Student collecting maggot for examination.
April 29, 2019

Maggots and murder: what insects can teach us about crime

Author: Jules Bernstein
April 29, 2019

Taking care to stand upwind, UC Riverside students display stoic professionalism as they collect insects off a pig carcass in 90-degree heat. This scene from a class in forensic entomology could have been ripped from any TV police drama and in some ways, it was.

Professor Alec Gerry said intense student interest in crime scene shows led him to develop the course, where students learn to interpret insect clues to aid legal investigations.

Time-lapse footage courtesy of Caleb Hubbard and Gerry Lab. Non-living animal was acquired for research purposes.

After taking her turn collecting maggots and flies off the bloated pig for later examination, biology student Ericka Agredano described her motivation to enroll. “I love Bones and CSI and wanted to know for myself what’s real and what’s not,” she said.

She is getting the education she wanted. Gerry moves his students beyond the ick factor so they can one day offer valuable information about criminal as well as civil litigation cases that cannot come from any other source.

Entomology professor Alec Gerry
Professor Alec Gerry speaking to students in his forensic entomology class. (Stan Lim/UC Riverside)

Coroners have about 36 hours to use a body’s temperature, discoloration and level of stiffness to estimate its time of death. By this time, the body has cooled, it’s finished with rigor mortis, and blood has pooled wherever it is going to. According to Gerry, after this time, insect evidence is often the most accurate, and perhaps only, means to estimate when death occurred.

During the first few days after death, flies specializing in decomposition of animal and human remains will deposit eggs on a corpse. The eggs hatch, and fly larvae develop. If an entomologist knows the temperatures the body was exposed to, he or she can determine the age of the maggots and then backdate to estimate time of death. Or at least, estimate the time that the corpse was first exposed to flies.

The estimation is as much science as it is art. Gerry said that one of the most difficult concepts for students is accounting for the way insects age. Whereas humans age at a constant rate over time, insects develop at a rate determined by both time and temperature. Therefore, an entomologist must consider multiple factors from a crime scene, including insect species, whether a body was in sun or shade, high or low humidity, or subject to high winds, to name a few.

Many crime drama fans may already know that an entomologist can supply this kind of information to police. Less commonly known are some of the other kinds of evidence that can be derived from bugs. Because some species are specific to a geographic region, they can tell you whether a body has been transported from somewhere other than the place it was found.

Additionally, Gerry said insects can be tested for drugs. An individual may have died from an overdose, but by the time the body is discovered, the drugs may no longer be detectable. However, insects that consumed the decomposing tissue can still test positive for drugs that were once present in the body of the deceased.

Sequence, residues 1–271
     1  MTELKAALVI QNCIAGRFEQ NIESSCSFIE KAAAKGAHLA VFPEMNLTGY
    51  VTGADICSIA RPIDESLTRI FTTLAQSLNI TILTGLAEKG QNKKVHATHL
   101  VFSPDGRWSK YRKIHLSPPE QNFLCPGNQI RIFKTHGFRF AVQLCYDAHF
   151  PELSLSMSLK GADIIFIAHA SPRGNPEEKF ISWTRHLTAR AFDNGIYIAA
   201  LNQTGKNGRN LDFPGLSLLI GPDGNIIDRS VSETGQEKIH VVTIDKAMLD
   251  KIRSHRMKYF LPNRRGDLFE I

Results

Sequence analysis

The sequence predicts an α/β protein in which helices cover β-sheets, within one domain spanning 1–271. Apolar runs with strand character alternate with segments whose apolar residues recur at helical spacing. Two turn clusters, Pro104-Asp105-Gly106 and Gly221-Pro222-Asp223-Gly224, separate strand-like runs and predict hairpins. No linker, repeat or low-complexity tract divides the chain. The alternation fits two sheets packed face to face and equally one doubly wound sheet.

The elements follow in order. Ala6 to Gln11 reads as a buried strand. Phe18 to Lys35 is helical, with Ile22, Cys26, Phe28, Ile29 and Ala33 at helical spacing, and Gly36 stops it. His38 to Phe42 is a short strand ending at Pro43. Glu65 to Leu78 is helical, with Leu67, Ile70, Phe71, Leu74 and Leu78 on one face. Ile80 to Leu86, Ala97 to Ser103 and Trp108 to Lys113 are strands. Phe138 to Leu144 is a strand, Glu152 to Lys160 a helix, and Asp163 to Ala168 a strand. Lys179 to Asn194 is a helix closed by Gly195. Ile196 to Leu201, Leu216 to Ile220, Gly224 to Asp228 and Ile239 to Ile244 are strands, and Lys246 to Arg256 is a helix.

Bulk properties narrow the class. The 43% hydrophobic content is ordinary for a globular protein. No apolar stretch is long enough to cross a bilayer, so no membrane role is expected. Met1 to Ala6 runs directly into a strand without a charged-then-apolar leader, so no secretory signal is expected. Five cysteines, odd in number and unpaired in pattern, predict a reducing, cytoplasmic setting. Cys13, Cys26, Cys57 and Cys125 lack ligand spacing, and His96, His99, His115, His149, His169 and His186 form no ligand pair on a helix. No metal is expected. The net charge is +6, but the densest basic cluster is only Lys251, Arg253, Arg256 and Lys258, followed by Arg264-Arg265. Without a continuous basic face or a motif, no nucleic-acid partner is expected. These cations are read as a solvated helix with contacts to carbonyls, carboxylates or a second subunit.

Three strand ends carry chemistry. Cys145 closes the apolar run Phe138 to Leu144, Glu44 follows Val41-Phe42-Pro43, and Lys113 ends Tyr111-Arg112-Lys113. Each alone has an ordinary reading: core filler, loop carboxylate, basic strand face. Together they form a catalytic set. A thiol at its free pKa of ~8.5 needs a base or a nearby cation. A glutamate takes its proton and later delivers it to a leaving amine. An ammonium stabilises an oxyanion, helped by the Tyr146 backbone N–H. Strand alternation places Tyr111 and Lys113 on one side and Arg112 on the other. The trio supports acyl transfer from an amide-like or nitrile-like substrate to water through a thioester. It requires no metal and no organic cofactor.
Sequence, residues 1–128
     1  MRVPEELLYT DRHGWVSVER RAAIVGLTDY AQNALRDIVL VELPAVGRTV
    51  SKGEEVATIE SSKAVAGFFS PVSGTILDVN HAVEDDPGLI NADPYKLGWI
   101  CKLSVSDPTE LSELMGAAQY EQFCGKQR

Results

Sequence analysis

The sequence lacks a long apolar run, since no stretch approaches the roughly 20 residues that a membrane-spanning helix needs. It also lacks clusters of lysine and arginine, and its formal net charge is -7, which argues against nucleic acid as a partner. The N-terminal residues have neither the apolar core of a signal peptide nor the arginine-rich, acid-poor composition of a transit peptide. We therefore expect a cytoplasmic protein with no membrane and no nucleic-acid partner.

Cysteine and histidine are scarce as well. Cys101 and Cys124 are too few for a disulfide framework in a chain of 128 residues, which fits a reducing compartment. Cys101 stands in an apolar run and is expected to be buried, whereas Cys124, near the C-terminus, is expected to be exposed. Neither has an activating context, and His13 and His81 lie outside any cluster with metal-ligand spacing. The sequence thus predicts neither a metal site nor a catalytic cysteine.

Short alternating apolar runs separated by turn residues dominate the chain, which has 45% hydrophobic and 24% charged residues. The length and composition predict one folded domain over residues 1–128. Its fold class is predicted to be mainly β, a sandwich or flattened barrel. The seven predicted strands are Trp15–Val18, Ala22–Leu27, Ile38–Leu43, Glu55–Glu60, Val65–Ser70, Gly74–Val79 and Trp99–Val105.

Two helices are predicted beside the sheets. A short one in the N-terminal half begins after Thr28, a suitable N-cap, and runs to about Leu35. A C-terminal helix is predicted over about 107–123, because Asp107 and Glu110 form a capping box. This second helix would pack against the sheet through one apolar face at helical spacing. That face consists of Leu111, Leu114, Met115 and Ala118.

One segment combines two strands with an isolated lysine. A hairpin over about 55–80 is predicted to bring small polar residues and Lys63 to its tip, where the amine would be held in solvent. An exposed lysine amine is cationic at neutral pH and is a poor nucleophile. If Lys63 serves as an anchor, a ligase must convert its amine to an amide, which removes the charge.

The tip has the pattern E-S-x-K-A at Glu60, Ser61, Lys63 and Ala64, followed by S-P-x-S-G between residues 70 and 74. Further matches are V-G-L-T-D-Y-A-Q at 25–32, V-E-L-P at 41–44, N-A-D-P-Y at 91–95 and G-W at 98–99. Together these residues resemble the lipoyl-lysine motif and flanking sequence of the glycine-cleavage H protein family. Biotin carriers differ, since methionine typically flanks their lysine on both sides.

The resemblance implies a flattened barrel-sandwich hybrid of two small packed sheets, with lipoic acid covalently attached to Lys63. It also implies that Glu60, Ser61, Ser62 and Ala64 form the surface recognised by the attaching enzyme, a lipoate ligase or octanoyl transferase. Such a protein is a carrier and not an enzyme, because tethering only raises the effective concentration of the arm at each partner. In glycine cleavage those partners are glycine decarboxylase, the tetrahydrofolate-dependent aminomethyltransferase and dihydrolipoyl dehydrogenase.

It isn’t likely that employers will start using insects to drug test prospective employees anytime soon. “You’re likely already dead if you’re being eaten by flies,” Gerry said.

Students in UCR's forensic entomology lab
Forensic entomology students approach the research animal. (Stan Lim/ UC Riverside)

A person has to be dead for flies to consume you. However, certain fly species are associated with physical abuse or neglect of the living. Wounded body parts, fecal matter or urine attract different flies than a corpse might. Post death, if these species are found in addition to the traditional ones associated with decomposition, this introduces potential evidence of another crime before the death occurred, Gerry said.

Though crime scene clues may point to grisly realities, the challenge of interpreting the evidence is more exciting than grubs and gore are repellant to students, as evidenced by the waiting list this year for Gerry’s course.

Jocelyn Verduzco’s only concern as she scooped maggots into “meat packets,” tin foil containers containing chicken liver for feeding the maggots, was whether she was being gentle enough with the evidence.

“If you can’t handle this, you can’t handle human forensics,” she said. Verduzco eventually wants to use a medical degree to help solve crimes. By taking this course at what is considered to be among the top entomology departments in the world, she’s given herself a good start in that direction.

Whether the students go on to a career in helping solve crimes or not, Gerry hopes students ultimately walk away from the class with an appreciation for deep learning in an age of instant gratification. “You can’t scan an insect with a smartphone and have an accurate accounting of the insect evidence,” he said.

At the very least, he encourages students to develop an even greater appreciation for the mysteries that remain in the natural world and for the field of entomology. “Insects are some of the smallest creatures on Earth,” he said. “But there’s so much they can teach us about ourselves.”

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